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JavaScript and XML


If you want to learn how to use JavaScript to work with XML data, you've come to the right place. This three-part article series starts by showing you how to obtain XML documents. It is excerpted from chapter 21 of JavaScript: The Definitive Guide, Fifth Edition, written by David Flanagan (O'Reilly; ISBN: 0596101996). Copyright © 2006 O'Reilly Media, Inc. All rights reserved. Used with permission from the publisher. Available from booksellers or direct from O'Reilly Media.

Author Info:
By: O'Reilly Media
Rating: 4 stars4 stars4 stars4 stars4 stars / 81
August 08, 2007
TABLE OF CONTENTS:
  1. · JavaScript and XML
  2. · 21.1.1 Creating a New Document
  3. · 21.1.2 Loading a Document from the Network
  4. · 21.1.4 XML Documents from Data Islands

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JavaScript and XML - 21.1.2 Loading a Document from the Network
(Page 3 of 4 )

Chapter 20 showed how to use the XMLHttpRequest object to dynamically issue HTTP requests for text-based documents. When used with XML documents, the responseXML property refers to the parsed representation as a DOM Document object. XMLHttpRequest is nonstandard but widely available and well understood, and is usually the best technique for loading XML documents.

There is another way, however. An XML Document object created using the tech niques shown in Example 21-1 can load and parse an XML document using a less well-known technique. Example 21-2 shows how it is done. Amazingly, the code is the same in both Mozilla-based browsers and in IE.

Example 21-2. Loading an XML document synchronously

/**
 
* Synchronously load the XML document at the specified URL and
 
* return it as a Document object
 * /
XML.load = function(url) {
    // Create a new document with the previously defined function
    var xmldoc = XML.newDocument();
    xmldoc.async = false;  // We want to load synchronously
    xmldoc.load(url);      // Load and parse
    return xmldoc;         // Return the document
};

Like XMLHttpRequest, this load() method is nonstandard. It differs from XMLHttpRequest in several important ways. First, it works only with XML documents; XMLHttpRequest can be used to download any kind of text document. Second, it is not restricted to the HTTP protocol. In particular, it can be used to read files from the local filesystem, which is helpful during the testing and development phase of a web application. Third, when used with HTTP, it generates only GET requests and cannot be used to POST data to a web server.

Like XMLHttpRequest, the load() method can be used asynchronously. In fact, this is the default method of operation unless async property is set to false . Example 21-3 shows an asynchronous version of the XML.load() method.

Example 21-3. Loading an XML document asynchronously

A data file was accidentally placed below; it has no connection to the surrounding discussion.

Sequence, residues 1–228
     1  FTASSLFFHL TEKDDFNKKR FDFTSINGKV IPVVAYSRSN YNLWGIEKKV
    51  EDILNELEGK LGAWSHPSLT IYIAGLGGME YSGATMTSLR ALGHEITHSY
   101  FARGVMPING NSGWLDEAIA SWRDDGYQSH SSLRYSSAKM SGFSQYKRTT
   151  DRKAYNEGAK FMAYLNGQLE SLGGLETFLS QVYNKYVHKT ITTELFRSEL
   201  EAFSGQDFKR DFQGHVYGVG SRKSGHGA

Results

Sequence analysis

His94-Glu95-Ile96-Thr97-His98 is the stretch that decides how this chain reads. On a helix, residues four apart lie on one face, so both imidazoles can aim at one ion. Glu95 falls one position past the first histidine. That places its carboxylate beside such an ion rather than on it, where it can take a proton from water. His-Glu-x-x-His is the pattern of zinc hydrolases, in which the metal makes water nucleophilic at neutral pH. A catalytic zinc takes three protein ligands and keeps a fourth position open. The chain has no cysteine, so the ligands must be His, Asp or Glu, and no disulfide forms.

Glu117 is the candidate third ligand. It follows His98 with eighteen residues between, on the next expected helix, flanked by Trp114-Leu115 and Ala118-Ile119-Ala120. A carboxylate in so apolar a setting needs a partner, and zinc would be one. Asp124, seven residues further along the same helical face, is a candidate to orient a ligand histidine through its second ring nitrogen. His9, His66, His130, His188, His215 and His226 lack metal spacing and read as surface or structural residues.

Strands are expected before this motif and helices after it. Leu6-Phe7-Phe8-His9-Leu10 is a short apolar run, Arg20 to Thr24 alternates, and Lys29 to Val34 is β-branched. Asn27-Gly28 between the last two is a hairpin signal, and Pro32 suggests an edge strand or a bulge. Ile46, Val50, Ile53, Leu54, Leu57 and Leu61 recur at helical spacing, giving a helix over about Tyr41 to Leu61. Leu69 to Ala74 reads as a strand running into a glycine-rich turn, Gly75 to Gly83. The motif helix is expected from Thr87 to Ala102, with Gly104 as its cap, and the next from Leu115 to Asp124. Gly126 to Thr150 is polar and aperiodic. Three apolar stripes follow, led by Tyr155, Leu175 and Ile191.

/**
 
* Asynchronously load and parse an XML document from the specified URL.
 
* When the document is ready, pass it to the specified callback function.
 * This function returns immediately with no return value.
 */
XML.loadAsync = function(url, callback) {
    var xmldoc = XML.newDocument();

    // If we created the XML document using createDocument, use
    // onload to determine when it is loaded
    if (document.implementation && document.implementation.createDocument) {
        xmldoc.onload = function() { callback(xmldoc); };
    }
    // Otherwise, use onreadystatechange as with XMLHttpRequest
    else {
       
xmldoc.onreadystatechange = function() {
            if (xmldoc.readyState == 4) callback(xmldoc);
        };
    }

    // Now go start the download and parsing
    xmldoc.load(url);
};

21.1.3  Parsing XML Text

Sometimes, instead of parsing an XML document loaded from the network, you simply want to parse an XML document from a JavaScript string. In Mozilla-based browsers, a DOMParser object is used; in IE, the loadXML() method of the Document object is used. (If you paid attention to the XML.newDocument() code in Example 21-1, you’ve already seen this method used once.)

Example 21-4 shows a cross-platform XML parsing function that works in Mozilla and IE. For platforms other than these two, it attempts to parse the text by loading it with an XMLHttpRequest from a data: URL.

Example 21-4. Parsing an XML document

/**
 
* Parse the XML document contained in the string argument and return
 * a Document object that represents it.
 */
XML.parse = function(text) {
   
if (typeof DOMParser != "undefined") {
        // Mozilla, Firefox, and related browsers
        return (new DOMParser()).parseFromString(text, "application/xml");
   
}
    else if (typeof ActiveXObject != "undefined") {
       
// Internet Explorer.
        var doc = XML.newDocument( );   // Create an empty document
        doc.loadXML(text);              //  Parse text into it
        return doc;                     // Return it
    }
   
else {
        // As a last resort, try loading the document from a data: URL
       
// This is supposed to work in Safari. Thanks to Manos Batsis and
       
// his Sarissa library (sarissa.sourceforge.net) for this technique.
       
var url = "data:text/xml;charset=utf-8," + encodeURIComponent(text);
       
var request = new XMLHttpRequest();
       
request.open("GET", url, false);
       
request.send(null);
       
return request.responseXML;
   
}
};


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